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EDITORIALS | TIMES ENDORSEMENT

A not-so-bright idea

October 19, 2005

LIKE ENERGY POLICY GENERALLY, Proposition 80 is complex. Its backers say it would end California's failed experiment with deregulation once and for all, while opponents say that it would needlessly constrain regulators. All voters need to know is that this attempt to make energy policy at the ballot box should be rejected.

At the heart of the ballot measure is a provision that would all but exterminate competition among electricity retailers. Proposition 80 would bar local power companies' competitors, also known as electricity service providers, from signing up any more customers. Only users that already had long-term "direct access" contracts -- about 12% of the market for power -- could continue to buy from the competitors.

The author of the measure, a San Francisco-based consumer group called the Utility Reform Network, argues correctly that California's experiment with deregulation has been a disaster. The state's expanding economy and population have fueled a growing demand for power, yet Sacramento's muddled energy policy has made it hard for utilities or their competitors to build new power plants to keep pace with that growth.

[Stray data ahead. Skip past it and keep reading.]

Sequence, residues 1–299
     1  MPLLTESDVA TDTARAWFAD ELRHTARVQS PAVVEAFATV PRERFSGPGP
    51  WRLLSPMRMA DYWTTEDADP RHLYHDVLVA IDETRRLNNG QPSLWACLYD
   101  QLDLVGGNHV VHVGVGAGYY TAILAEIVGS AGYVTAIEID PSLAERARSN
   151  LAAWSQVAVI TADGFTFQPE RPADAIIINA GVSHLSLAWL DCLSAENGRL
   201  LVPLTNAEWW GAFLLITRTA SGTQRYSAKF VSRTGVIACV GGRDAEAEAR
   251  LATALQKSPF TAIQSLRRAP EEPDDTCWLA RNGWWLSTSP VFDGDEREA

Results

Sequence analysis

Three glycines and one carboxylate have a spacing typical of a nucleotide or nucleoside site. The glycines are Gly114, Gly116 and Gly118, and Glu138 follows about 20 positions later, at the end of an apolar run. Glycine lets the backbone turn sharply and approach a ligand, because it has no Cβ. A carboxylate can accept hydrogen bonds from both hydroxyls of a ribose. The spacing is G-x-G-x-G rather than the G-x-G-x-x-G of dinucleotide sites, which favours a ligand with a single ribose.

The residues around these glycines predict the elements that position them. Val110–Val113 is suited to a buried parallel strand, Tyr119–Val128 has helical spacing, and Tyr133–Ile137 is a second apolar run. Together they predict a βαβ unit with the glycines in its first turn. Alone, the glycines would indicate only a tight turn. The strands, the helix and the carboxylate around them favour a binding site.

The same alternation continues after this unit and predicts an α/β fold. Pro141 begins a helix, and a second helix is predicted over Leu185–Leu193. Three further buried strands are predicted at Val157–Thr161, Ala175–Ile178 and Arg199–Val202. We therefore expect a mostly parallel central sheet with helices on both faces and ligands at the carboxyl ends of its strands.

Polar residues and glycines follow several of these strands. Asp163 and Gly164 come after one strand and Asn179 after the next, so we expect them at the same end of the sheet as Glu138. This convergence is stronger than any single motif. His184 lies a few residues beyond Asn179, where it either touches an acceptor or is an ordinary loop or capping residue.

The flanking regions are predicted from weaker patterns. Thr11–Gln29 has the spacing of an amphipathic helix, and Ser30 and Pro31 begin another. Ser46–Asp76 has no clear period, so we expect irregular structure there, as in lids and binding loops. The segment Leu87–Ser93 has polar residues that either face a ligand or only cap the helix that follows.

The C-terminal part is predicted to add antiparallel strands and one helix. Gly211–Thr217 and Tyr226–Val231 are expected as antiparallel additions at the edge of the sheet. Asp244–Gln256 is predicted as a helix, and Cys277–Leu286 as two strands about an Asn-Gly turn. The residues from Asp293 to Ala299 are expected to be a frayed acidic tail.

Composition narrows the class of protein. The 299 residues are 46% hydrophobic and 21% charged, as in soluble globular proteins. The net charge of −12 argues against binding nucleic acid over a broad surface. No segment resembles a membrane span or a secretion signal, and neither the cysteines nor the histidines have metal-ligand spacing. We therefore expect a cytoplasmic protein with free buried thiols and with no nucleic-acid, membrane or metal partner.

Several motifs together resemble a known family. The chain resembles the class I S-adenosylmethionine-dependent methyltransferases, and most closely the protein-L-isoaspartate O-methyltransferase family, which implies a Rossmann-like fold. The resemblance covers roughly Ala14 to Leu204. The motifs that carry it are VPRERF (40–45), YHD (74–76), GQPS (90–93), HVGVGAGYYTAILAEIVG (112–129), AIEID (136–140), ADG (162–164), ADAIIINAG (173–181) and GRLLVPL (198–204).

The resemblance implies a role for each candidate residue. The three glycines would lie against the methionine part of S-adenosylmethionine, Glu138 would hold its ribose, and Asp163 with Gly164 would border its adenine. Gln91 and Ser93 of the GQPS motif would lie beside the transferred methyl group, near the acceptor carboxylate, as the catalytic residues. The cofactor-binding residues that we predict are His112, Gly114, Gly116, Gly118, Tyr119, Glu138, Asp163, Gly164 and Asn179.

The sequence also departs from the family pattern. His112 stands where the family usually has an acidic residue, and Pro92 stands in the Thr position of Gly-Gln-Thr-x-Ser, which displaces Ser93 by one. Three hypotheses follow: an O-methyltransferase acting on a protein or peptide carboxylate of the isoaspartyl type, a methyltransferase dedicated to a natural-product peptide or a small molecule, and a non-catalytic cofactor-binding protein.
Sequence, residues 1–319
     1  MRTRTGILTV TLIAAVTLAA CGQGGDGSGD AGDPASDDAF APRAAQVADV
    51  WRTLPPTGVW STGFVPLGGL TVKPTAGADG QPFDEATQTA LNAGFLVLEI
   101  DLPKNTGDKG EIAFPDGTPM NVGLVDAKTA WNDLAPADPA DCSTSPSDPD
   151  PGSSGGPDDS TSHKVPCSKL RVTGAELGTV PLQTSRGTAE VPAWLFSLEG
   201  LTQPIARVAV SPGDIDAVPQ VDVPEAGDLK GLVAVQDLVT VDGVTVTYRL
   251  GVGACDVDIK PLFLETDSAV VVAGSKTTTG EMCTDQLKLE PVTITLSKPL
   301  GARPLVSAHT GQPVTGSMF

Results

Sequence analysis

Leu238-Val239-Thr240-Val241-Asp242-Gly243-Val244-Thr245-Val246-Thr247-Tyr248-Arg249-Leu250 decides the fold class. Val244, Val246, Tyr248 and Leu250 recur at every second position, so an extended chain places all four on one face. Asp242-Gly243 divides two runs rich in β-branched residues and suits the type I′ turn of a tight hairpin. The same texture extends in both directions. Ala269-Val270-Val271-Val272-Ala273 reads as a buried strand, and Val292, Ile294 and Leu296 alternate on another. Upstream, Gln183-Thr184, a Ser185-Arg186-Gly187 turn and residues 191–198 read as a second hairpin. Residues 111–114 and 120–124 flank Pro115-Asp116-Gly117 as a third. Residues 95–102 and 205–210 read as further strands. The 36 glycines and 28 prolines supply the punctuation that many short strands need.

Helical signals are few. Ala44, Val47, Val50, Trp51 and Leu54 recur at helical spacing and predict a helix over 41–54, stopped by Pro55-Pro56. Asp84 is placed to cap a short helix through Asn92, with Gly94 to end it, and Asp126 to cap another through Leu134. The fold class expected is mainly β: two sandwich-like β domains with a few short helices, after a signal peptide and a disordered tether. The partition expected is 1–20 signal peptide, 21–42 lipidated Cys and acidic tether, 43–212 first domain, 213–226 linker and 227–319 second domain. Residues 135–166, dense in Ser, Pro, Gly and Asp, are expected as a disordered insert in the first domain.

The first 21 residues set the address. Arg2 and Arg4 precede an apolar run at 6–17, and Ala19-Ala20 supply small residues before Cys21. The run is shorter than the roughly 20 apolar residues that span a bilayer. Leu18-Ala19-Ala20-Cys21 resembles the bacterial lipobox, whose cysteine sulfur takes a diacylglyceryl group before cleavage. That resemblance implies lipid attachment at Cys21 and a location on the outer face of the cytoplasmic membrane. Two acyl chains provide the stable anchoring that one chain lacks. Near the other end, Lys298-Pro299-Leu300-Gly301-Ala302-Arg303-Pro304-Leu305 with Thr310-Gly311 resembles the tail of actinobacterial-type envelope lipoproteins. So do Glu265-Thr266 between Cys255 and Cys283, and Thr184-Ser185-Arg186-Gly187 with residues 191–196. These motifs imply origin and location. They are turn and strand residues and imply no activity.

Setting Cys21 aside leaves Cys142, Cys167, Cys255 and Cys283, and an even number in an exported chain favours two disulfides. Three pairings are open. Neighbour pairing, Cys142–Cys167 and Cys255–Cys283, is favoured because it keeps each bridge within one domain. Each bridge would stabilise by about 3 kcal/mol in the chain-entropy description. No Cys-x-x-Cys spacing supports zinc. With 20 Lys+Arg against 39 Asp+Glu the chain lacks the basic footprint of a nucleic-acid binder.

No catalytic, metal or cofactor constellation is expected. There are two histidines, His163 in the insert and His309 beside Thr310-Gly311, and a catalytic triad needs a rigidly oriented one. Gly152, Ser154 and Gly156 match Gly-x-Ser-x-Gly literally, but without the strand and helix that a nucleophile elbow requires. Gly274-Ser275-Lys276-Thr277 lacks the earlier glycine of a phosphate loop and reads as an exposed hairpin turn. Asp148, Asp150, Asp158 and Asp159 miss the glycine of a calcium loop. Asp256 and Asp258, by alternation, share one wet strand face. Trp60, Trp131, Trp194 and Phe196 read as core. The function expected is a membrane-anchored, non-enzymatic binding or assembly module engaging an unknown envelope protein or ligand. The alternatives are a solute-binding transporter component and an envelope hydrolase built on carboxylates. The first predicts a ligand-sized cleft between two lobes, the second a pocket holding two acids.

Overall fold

Still, Proposition 80's solution is unduly favorable to the utilities. Rather than finding a way to make competition at the retail level work without widening the gap between supply and demand, it just guarantees the utilities a captive market of homes and businesses.

The state already has a temporary ban on new contracts with power generators (as opposed to utilities) that will remain in place for several more years. The Legislature enacted it in response to the energy crisis of 2000-2001, buying time for lawmakers, utilities commissioners and the California Energy Commission to clean up the mess caused by deregulation and to develop a new strategy.

The Public Utilities Commission has taken several important steps, although much remains to be done. Perhaps the biggest move to date was requiring utilities and energy service providers to show in advance that they can meet the anticipated demand for power while still keeping some in reserve.

Proposition 80 simply codifies that requirement, as well as ordering utilities to give top priority to conservation, energy efficiency and renewable sources of power. It also would extend the PUC's regulatory power to energy service providers and bar homes and small businesses from being charged higher rates at peak hours.

Many of the measure's provisions would write into law steps the commission has already taken. In doing so, it would bar any changes unless the state Assembly and Senate both agree by a two-thirds vote. There is no good reason for making energy policy so hard to change.

More important, it's risky business to use the initiative process to write energy policy. Voters should reject Proposition 80.

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